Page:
(Docteur de l'Universite de Paris) is Professor Emeritus of Romance Languages and Literature at the University of Washington, Seattle.
How to Discover a Culture in its Literature: Examples from Steinbeck, Saroyan, and Pagnol
Article first published online: 31 DEC 2008
© 1996 American Council on the Teaching of Foreign Languages
Foreign Language Annals
Volume 29, Issue 1, pages 19–26, March 1996
How to Cite
Nostrand, H. L. (1996), How to Discover a Culture in its Literature: Examples from Steinbeck, Saroyan, and Pagnol. Foreign Language Annals, 29: 19–26. doi: 10.1111/j.1944-9720.1996.tb00839.x
- Issue published online: 31 DEC 2008
- Article first published online: 31 DEC 2008
ABSTRACT The arts are the truly authentic expression of culture, and literature is the most explicit, the richest in verifiable evidence. Literature becomes even more rewarding when the author is one who rises above the received ideas to see the culture critically, as do Steinbeck, Saroyan, and Pagnol.
Situations from short stories of the two American writers, and an autobiographical film of Pagnol, are searched for evidence of the culture their authors represent. The approach proposed for this kind of inquiry assumes that the key to understanding what one sees at the surface–behavior, social relations, institutions, etc.–is to be found in the culture's underlying value system, which includes characteristic habits of mind and prevalent assumptions about human nature and society. This system evolves only at a rhythm of generations or even centuries, so that the culture has a persistent identity. The parts of the system color one another's meaning as they reinforce or limit one another, so that each culture is unique.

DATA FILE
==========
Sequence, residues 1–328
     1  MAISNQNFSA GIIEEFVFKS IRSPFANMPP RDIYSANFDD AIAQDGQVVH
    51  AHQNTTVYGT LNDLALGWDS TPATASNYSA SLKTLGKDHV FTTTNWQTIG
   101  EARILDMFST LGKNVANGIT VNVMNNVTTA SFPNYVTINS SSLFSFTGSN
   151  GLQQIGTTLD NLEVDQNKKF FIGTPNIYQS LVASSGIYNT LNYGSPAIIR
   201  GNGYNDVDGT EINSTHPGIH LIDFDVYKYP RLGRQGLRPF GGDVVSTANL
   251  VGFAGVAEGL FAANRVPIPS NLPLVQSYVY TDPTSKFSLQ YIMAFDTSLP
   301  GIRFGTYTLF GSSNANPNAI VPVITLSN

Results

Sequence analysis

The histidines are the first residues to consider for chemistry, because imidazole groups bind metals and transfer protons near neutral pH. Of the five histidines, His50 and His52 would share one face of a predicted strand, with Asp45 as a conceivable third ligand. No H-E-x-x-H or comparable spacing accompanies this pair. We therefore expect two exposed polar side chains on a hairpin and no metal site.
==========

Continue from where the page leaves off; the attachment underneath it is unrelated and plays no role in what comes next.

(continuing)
Provided we keep in balance the appreciation of literature's other aspects, this approach to its cultural underpinning can lead to perspective on a person's native culture, empathy toward other cultures, and awareness of one's own personal values.
Lacking from this perspective, however, are a needed awareness of non-Western cultures, and the needed dimension of time. Brief selections from Latin and Greek literature can provide the latter, and the Athenian culture offers much more from which we can benefit.
The annotated References comprise a first group concerning the integrating of an effective cultural component into language teaching (References A), and a second group on the value system of American culture (References B). For the French value system, an inventory is available in a book that also contains thorough bibliographies.